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NIH Record - 75th Anniversary - National Institutes of Health

CSR’s Politis Retires

Dr. Politis headshot

Dr. Alex Politis

Dr. Alex Politis, chief of the infectious diseases and microbiology integrated review group (IRG) at the Center for Scientific Review (CSR), retired in June.  He served as IRG chief for 19 of his 23 years at NIH. Politis likened parts of the job as chief to his days of coaching basketball, baseball and soccer teams. 

“I operated the IRG like a team,” he said. “There were circumstances where we had to scramble to get things done despite obstacles. The unit needed to act together. Motivation was a major issue. Respect for one another was another major issue. It all happens in athletics as well as administrative-type situations like an IRG.” 

Politis grew up playing sports, especially soccer, north of New York City. He credits good teachers in high school and the State University of New York in Cortland for cultivating his interest in biology. 

He discovered his love of teaching while in graduate school at Florida State University. Politis continued teaching during his doctoral and postdoctoral research and training at the University of Maryland and the Uniformed Services University of the Health Sciences (USUHS). He was a research fellow, associate and assistant professor at USUHS from 1988 to 1994.

While at USUHS, Politis served as an ad hoc reviewer for the Journal of Immunology. In 1994, he joined the journal staff as assistant editor. 

“That job introduced me to peer review and science administration,” he noted. “When I applied to CSR as a review officer, it seemed a natural fit.” He joined CSR as a scientific review officer of the immunological science study section in 1998, then became IRG Chief in 2002. Although he had little previous management experience, and some colleagues cautioned he may not like it, “my absolute favorite part of the job became building the team,” he said.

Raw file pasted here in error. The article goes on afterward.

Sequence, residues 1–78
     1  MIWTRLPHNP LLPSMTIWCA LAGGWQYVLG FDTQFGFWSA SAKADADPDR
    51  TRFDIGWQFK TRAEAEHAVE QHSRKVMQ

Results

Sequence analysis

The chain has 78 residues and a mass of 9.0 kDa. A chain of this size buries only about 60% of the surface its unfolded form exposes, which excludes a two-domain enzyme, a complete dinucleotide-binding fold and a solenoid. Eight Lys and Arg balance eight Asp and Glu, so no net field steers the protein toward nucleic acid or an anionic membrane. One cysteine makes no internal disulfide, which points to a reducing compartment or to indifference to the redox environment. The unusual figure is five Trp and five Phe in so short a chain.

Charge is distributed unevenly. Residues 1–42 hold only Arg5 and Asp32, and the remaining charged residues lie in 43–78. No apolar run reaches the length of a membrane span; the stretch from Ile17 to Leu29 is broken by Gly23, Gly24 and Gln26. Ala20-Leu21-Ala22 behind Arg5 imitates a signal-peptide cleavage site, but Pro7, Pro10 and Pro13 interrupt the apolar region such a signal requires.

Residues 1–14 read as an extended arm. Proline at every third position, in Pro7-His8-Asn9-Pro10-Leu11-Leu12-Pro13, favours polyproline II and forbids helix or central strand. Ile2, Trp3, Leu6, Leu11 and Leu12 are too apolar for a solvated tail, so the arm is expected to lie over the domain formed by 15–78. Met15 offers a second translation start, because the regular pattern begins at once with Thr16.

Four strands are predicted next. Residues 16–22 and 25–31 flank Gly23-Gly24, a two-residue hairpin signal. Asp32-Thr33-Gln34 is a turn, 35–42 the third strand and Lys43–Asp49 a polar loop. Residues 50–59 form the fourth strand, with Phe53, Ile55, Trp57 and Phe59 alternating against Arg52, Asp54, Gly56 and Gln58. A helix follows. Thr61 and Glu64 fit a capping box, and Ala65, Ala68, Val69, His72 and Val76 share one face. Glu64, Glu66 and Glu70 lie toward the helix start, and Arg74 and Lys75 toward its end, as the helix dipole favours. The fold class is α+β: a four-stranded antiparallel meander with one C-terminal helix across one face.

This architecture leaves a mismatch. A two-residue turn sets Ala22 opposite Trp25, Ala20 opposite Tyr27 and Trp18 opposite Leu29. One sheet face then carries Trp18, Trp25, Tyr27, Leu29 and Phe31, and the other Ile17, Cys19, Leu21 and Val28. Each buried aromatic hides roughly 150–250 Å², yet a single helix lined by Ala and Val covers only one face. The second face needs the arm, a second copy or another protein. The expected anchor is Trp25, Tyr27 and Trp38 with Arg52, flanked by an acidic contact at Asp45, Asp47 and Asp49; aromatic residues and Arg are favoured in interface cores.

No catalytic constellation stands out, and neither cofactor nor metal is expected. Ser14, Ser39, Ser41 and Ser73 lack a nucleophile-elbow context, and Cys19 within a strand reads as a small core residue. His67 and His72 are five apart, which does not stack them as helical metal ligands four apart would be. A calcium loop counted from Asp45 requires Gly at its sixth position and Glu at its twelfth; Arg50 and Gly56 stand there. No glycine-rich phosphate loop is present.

“He has always been a wonderful, supportive, uplifting colleague,” said Dr. Sally Amero, who also joined CSR in 1998. After leaving CSR to become the NIH review policy officer in OER, Amero would regularly ask Politis for help in training new extramural staff and in peer review policies and procedures. 

“Review staff are tightly connected,” she said. “He was cognizant of that and promoted cooperation and respect across NIH. He also has a knack for using humor to make a point or communicate complicated messages.”

From 2015 to 2020, Politis teamed with CSR scientific review officer Dr. Gagan Pandya and Dr. Robert Eisinger, senior scientific advisor in the OD, to work on the $20-million Antimicrobial Resistance Diagnostic Challenge Prize, a project co-sponsored by NIH and the Biomedical Advanced Research and Development Authority (BARDA). 

“Alex was important in developing the criteria in how the proposals would be reviewed,” Eisinger said. “He also ensured that reviewers had relevant technical and scientific expertise to evaluate this novel competition.” On this and other initiatives, Eisinger added, “Alex has been on the cutting edge of how to keep the NIH review process aligned with where the science is and to ensure that peer review is a level playing field.” 

For Politis, retirement so far has included travel to visit family, woodworking and golfing with his son. “I showed him how to play when he was 3 or 4 years old,” he said. “Now he’s giving me lessons.” 

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